NCR’s second airport at Jewar gets Centre’s nod, to cost R 20,000 cr

New Delhi, Jun 24: The National Capital Region (NCR) will get its second airport at Jewar in Greater Noida, Uttar Pradesh — about 100 km from its current Indira Gandhi International (IGI) Airport.
On Saturday, Civil Aviation Minister Ashok Gajapathi Raju confirmed that the Centre had given an in-principle nod to the greenfield project. It will be built on a public-private partnership model at a cost of R 20,000 crore, and at least one runway will be operational within six years.
According to sources, a looming capacity crisis at IGI Airport and a National Democratic Alliance (NDA) government in Uttar Pradesh were the reasons for the revival of the 16-year-old proposal.
On Friday, at a meeting between the Uttar Pradesh government and Yamuna Expressway Industrial Development Authority, the state had promised to provide 3,000 hectares. “The first phase will be built on 1,000 hectares,” Raju said.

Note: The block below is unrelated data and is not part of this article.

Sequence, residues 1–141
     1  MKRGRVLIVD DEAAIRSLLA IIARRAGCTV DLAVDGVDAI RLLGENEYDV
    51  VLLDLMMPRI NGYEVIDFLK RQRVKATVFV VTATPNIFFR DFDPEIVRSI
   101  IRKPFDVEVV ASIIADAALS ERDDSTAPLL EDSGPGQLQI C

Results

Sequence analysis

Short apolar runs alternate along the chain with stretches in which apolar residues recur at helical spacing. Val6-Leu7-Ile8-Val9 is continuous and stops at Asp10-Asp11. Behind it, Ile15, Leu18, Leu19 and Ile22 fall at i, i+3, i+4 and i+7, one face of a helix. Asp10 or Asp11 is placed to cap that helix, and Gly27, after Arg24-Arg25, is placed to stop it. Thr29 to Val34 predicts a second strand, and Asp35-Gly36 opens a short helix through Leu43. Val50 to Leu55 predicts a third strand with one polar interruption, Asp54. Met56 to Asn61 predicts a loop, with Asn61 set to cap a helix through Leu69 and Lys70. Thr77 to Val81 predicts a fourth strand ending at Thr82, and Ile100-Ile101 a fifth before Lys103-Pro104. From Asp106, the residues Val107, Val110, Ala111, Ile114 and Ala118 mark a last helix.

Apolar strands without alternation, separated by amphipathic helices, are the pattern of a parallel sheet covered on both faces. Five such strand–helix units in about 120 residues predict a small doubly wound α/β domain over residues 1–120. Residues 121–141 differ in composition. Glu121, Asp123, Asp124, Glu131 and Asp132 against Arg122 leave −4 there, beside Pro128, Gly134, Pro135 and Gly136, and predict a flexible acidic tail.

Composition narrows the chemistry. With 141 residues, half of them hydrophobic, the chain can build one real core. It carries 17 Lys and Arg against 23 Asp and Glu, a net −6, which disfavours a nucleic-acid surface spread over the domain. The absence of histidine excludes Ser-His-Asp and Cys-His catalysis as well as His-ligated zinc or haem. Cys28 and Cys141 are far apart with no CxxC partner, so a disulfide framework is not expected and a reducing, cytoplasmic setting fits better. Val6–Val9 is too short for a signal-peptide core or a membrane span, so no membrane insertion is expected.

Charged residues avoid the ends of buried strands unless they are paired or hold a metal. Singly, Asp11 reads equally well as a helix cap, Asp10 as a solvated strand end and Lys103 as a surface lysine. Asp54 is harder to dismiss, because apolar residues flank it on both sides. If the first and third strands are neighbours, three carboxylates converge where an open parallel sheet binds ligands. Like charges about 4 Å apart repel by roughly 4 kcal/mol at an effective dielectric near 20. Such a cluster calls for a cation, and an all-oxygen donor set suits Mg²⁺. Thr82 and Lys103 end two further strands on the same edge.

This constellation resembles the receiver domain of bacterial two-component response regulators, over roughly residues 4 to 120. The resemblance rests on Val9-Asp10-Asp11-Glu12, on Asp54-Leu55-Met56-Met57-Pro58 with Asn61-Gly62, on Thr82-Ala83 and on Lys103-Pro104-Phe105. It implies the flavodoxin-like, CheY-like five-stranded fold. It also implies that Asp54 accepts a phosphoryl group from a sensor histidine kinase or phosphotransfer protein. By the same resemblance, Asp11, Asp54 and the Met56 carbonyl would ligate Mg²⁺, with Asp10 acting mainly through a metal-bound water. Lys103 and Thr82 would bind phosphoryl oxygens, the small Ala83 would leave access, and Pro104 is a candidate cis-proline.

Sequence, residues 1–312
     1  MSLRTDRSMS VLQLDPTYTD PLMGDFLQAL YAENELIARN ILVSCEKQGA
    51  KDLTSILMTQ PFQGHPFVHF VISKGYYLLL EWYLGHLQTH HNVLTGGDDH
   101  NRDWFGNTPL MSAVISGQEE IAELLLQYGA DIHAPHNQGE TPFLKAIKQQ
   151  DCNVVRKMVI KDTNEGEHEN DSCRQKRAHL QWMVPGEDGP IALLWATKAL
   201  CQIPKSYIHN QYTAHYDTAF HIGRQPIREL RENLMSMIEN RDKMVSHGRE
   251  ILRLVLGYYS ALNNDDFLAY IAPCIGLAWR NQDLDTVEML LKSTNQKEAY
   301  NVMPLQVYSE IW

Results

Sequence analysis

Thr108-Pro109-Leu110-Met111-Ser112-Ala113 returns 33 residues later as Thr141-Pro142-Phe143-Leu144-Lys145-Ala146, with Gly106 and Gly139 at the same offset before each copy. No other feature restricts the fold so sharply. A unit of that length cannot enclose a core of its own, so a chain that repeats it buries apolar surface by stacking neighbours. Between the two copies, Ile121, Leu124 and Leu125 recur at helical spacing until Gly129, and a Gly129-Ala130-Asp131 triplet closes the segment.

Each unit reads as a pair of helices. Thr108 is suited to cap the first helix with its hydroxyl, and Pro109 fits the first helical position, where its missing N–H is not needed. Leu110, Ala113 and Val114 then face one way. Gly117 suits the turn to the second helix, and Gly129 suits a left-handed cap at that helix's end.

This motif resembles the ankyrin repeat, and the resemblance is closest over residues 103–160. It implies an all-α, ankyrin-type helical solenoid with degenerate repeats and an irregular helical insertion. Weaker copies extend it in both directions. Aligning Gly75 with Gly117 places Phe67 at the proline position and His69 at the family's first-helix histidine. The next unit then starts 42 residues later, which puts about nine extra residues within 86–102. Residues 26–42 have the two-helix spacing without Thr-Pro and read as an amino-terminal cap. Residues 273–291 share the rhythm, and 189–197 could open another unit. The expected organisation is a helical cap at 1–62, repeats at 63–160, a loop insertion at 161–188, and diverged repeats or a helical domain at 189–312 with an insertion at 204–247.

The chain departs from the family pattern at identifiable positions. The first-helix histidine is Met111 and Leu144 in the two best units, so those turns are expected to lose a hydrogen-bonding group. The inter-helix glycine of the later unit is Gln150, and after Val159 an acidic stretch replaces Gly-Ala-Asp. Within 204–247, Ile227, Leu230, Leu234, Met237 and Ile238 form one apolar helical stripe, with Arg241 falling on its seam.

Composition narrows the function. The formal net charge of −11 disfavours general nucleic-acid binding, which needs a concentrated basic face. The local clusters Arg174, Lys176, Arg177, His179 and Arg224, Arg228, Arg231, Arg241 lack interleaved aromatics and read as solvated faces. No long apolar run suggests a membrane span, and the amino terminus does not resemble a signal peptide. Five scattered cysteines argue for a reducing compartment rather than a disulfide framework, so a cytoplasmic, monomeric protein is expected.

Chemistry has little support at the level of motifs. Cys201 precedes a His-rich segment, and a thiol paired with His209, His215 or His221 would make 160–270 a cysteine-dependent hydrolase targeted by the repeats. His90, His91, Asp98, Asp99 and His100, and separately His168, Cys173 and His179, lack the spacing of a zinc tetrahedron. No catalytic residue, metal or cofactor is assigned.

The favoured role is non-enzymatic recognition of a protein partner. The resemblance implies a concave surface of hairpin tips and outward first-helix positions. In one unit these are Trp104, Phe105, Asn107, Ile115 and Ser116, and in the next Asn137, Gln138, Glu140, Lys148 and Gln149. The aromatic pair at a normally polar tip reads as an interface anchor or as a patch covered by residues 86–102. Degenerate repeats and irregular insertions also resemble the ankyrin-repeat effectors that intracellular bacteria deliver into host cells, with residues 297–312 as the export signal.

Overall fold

In 2001, Rajnath Singh, then UP chief minister, first proposed an airport at Jewar. Mayawati, too, pursued the project after she became chief minister in 2007, but failed to make any headway because of the rule that prevented setting up a new airport within 150 km of IGI.
Now, the UP government has been asked to do a techno-feasibility study of the airport within a year, after which bids will be invited for the project.
The GMR group, which owns Delhi International Airport (DIAL), is a favourite, as it will have the right of first refusal included in the concession agreement for the Delhi airport signed in 2006. The company will be allowed to match the winning bid for an airport within 150 km of Delhi. Minister of State for Civil Aviation Jayant Sinha said a new airport was necessary as the current one would reach full capacity in seven years, at the current rate of growth. “We are close to 60 million trips per year at Delhi now. We will definitely need a new airport within seven years,” he said, adding that the new airport would handle 30-50 million passengers in the next 10-15 years.